Try to stay connected
The way we are able to connect to others is changing, but this is happening at a different pace depending on who you are and where you live. Advice is significantly different if you are shielding, and you still need to take extra care if you have a long-term physical health condition, are pregnant or aged over 70.
There is a summary of how you can connect here
- keep active
- eat a balanced diet
Stay in touch with friends on social media but try not to sensationalise things. If you are sharing content, use this from trusted sources, and remember that your friends might be worried too.
Also remember to regularly assess your social media activity. Tune in with yourself and ask if they need to be adjusted. Are there particular accounts or people that are increasing your worry or anxiety? Consider muting or unfollowing accounts or hashtags that cause you to feel anxious.
Talk to your children
Involving our family and children in our plans for good health is essential. We need be alert to and ask children what they have heard about the outbreak and support them, without causing them alarm.
We need to minimise the negative impact it has on our children and explain the facts to them. Discuss the news with them but try and avoid over-exposure to coverage of the virus. Be as truthful as possible.
Try to anticipate distress
It is OK to feel vulnerable and overwhelmed as we read news about the outbreak, especially if you have experienced trauma or a mental health problem in the past, or if you are shielding, have a long-term physical health condition or fall into one of the other groups that makes you more vulnerable to the effects of the coronavirus.
It’s important to acknowledge these feelings and remind each other to look after our physical and mental health. We should also be aware of and avoid increasing habits that may not be helpful in the long term, smoking, drinking and overeating.
Try and reassure people you know who may be worried and check in with people who you know are living alone.
Try not to make assumptions
Don’t judge people and avoid jumping to conclusions about who is responsible for the spread of the disease. The coronavirus can affect anyone, regardless of gender, ethnicity or sex.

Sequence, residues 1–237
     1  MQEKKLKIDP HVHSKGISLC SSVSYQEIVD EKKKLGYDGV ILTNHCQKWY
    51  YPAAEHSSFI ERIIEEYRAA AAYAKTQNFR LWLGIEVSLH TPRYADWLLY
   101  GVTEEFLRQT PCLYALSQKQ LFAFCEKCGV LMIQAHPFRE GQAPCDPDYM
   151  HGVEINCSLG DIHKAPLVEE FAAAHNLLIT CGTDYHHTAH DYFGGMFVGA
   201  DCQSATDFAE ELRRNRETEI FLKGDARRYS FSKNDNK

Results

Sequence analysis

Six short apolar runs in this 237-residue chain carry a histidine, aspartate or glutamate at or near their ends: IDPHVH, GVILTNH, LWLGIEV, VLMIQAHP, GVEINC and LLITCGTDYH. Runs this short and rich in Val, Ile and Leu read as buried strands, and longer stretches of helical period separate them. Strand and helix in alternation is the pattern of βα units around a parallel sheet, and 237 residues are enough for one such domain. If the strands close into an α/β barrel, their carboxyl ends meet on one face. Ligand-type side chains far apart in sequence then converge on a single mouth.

Try to manage how you follow the outbreak in the media
There is extensive news coverage about the outbreak. If you find that the news is causing you huge stress, it’s important to find a balance.
It’s best that you don’t avoid all news and that you keep informing and educating yourself, but limit your news intake if it is bothering you.
Looking after your mental health as lockdown eases
Across the nations of the UK, lockdown is easing in different ways and at different times. As we begin to come lockdown many of us are faced with both challenges and opportunities.
Within social distancing guidelines, we may be able to see friends and family in person, play sport or return to work.
However, many of us may find even these longed-for changes difficult for our mental health. The idea of coming lockdown when the scientific debate is ongoing may also be worrying for those of us who are more at risk from the virus or living with mental health problems.
More useful resources:
The Mental Health Foundation is committed to bringing readers reliable and relevant information. All of our pages are written and regularly reviewed by our mental health experts, in line with official advice on the coronavirus outbreak.
We need your support to keep providing vital information during this time.
Please consider making a donation today
Public Health England have developed explicit guidance on mental health in the crisis. If you want to develop a personalised plan for supporting your mental health you can also visit the PHE Every Mind Matters site, developed in collaboration with the Mental Health Foundation.
If you need to talk confidentially you can call Samaritans on 116 123 at any time. We also have a resource on how to get help for your mental health.
Back to School During COVID-19
Training and Technical Assistance Related to COVID-19